But it’s not actually going to get to that deeper layer of why you have that desire. And paying attention to all of those excuses, understanding that your drinking just doesn’t happen, that’s what helps you do it.
So you understand why you have the desire, you understand the excuses that you make, the justifications, and then the third piece to really do this deeper layer of changing, transforming the habit is to take responsibility for how you feel always and your ability to shift that.
And I will tell you, this is the part most importantly where just say no, this mantra or just say no, I’m just saying no tonight, it’s not going to help you. Because when you just say no to a drink, you are not doing the work to actually change and take responsibility for how you feel in the moment and how you want to feel.
So sure, you’ll be able to train your brain when you use just say no not to expect a drink at five o clock or when you’re at a dinner. But you haven’t changed that underlying desire. This is why people can go a long period of time without drinking and still feel like they’re missing out and still have all this desire.
Just stopping won’t help you do the deep work of challenging all those excuses, especially if you’re someone who wants to learn how to drink less. Because most times, people, when they just try to stop, they just try to interrupt the habit, they’re just doing it by saying I can’t, I can’t, I can’t, I can’t, I’m not allowed to drink.
And that can work for a while but eventually, it doesn’t work anymore because it’s not true. Telling yourself that you can’t do something when you actually have free will, when you actually can always choose to drink, it gets you to that place where eventually you’re like, God, screw it, who cares.
And denying that you have this free will, denying that it’s actually a choice that you’re making by telling yourself I’m not allowed, eventually, what most people find is that when they do drink, when they do decide to drink, they end up going overboard because they’ve been resisting all this desire the whole time.
They’ve been telling themselves that drinking isn’t allowed instead of embracing no, I can always choose to do it but I’m choosing not to and here’s why. So I can have a different relationship with my desire.
Changing the habit really on the deepest levels means assuming responsibility for how you feel. And the fact that you have the power to change how you feel in any moment without a drink.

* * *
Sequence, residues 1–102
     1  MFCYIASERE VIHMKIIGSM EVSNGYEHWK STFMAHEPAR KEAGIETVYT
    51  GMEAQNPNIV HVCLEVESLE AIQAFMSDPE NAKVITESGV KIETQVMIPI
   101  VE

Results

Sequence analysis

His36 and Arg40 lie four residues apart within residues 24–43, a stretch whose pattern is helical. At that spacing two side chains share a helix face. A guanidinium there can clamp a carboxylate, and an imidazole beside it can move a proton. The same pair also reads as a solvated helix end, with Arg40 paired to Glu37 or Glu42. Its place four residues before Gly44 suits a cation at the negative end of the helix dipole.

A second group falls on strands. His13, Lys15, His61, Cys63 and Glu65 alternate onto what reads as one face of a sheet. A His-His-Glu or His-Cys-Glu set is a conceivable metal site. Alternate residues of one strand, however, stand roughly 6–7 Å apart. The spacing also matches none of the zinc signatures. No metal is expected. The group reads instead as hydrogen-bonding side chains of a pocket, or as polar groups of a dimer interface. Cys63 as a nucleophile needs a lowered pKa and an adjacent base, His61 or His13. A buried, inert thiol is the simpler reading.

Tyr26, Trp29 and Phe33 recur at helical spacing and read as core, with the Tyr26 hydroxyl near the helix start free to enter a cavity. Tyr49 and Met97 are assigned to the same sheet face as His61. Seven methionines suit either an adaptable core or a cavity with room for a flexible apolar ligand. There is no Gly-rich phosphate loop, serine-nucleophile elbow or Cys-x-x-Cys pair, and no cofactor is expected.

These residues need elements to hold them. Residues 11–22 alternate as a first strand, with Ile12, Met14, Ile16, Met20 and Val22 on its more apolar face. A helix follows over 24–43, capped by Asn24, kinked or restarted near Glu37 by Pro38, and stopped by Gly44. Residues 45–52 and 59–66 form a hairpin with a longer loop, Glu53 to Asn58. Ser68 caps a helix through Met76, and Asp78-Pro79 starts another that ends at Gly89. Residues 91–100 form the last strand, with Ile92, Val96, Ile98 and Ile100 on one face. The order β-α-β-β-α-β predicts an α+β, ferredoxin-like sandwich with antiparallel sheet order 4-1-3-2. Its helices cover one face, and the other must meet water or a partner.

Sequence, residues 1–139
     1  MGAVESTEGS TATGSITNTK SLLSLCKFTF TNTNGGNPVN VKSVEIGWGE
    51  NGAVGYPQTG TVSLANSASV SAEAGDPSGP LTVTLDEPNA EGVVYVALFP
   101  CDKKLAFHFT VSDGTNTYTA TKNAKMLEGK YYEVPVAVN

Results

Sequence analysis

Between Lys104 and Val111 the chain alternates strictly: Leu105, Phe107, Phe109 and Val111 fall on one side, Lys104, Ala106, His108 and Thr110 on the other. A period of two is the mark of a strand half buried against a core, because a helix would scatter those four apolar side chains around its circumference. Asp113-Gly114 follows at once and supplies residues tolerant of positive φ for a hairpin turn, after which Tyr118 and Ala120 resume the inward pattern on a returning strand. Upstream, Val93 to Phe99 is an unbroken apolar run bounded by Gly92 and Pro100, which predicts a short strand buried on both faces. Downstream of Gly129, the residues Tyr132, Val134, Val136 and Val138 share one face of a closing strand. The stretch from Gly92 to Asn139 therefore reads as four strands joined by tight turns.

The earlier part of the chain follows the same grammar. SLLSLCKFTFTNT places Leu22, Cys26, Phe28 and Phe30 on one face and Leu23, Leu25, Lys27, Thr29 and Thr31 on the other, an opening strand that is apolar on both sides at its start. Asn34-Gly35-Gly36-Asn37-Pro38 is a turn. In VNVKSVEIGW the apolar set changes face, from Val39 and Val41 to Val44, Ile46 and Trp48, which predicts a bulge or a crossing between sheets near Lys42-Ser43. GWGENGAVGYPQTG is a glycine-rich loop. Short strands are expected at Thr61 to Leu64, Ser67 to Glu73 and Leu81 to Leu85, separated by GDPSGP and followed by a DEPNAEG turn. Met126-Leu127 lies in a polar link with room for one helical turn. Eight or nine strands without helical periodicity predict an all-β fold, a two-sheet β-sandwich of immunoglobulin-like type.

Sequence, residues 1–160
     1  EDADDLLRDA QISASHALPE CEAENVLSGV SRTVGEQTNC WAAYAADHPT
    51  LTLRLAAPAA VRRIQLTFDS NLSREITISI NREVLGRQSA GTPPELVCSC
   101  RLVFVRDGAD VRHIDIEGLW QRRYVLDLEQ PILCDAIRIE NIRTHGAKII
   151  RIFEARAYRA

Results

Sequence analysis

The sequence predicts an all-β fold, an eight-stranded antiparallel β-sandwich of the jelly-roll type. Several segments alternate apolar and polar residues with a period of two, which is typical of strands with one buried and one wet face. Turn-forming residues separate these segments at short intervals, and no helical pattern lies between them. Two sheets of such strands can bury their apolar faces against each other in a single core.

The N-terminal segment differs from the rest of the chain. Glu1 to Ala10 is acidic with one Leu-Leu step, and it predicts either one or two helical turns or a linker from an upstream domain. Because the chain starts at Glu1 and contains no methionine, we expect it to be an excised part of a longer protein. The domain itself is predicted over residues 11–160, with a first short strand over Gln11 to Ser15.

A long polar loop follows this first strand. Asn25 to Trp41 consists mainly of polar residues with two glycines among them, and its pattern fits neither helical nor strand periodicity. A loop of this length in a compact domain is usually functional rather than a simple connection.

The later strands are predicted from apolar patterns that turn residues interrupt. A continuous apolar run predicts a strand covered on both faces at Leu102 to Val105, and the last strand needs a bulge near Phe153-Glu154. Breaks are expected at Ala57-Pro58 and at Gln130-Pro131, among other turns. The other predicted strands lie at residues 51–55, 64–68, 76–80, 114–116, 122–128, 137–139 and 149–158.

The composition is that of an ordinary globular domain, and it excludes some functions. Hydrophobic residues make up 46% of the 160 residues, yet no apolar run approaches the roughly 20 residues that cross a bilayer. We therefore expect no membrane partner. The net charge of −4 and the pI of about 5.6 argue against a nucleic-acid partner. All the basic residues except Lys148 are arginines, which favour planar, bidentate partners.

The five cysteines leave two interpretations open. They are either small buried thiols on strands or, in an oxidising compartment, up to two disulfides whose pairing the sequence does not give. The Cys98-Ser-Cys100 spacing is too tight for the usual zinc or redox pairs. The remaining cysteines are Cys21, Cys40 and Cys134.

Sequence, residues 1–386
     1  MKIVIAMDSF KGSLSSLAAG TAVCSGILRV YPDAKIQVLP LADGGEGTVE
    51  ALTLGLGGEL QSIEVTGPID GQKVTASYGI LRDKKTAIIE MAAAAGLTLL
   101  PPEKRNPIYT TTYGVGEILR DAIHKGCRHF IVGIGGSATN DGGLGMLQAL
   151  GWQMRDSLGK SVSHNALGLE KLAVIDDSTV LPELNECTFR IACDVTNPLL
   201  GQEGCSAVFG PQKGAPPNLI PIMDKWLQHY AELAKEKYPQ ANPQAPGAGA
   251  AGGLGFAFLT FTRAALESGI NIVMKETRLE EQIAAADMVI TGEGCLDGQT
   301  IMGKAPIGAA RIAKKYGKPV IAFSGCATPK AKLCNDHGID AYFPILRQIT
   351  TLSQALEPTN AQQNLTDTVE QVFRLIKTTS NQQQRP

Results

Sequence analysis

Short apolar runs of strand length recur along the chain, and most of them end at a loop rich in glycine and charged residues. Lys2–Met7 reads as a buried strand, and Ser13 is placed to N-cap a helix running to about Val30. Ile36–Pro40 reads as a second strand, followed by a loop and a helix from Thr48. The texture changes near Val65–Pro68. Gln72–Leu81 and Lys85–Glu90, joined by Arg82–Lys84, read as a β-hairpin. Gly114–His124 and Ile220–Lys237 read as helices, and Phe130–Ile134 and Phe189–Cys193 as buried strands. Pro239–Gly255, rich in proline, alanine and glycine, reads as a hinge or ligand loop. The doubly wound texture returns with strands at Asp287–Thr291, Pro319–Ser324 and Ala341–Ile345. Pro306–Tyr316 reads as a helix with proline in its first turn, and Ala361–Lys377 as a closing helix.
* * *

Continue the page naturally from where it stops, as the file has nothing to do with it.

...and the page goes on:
This is the deepest layer of work that most people never do because we just don’t even realize we can do it. No one teaches us we can do it. No one teaches us that we actually are creating our own experience.
So what we end up doing is handing over our experience of dinner, or time after work, or the weekend, or the football game, or the party, or the networking event, we hand over that experience to the drink in the glass or the food in the plate and we say hey, you’re in charge.
So many people that I work with, they come to the 30-day challenge, and they want to prove that they don’t have to drink, and I get it. I understand why they have that desire, especially if it feels kind of compulsive. Proving that you can say no is powerful but you’re really just scratching the surface.
You have to move beyond proving that you can say no to teaching yourself that you are in charge of your experience. You’re in charge of your enjoyment. Not the drink. And when you do that, that is when you’re changing the habit on the deepest level.
Now, all of us can do it. But most of us have no idea. I certainly had no idea. I didn’t know how to come home from a stressful day of work and relax without a drink. I didn’t know how to show up at a party and feel comfortable and at ease without a drink in my hand.
I was always handing over responsibility to how I felt to that wine glass. I know when people are stuck here because they will report going to a dinner party or going to the family picnic and not drinking and they’ll report to me, they’ll say, “Yeah, it was fine.”
And I will challenge them on this. I’ll say okay, that’s great, you did it, you proved that you could do it, but it needs to be more than just fine. Your experience needs to be more than just fine. And they’ll say, no, it was good. And then I’ll ask them, listen, did you enjoy yourself just as much if not more without a drink?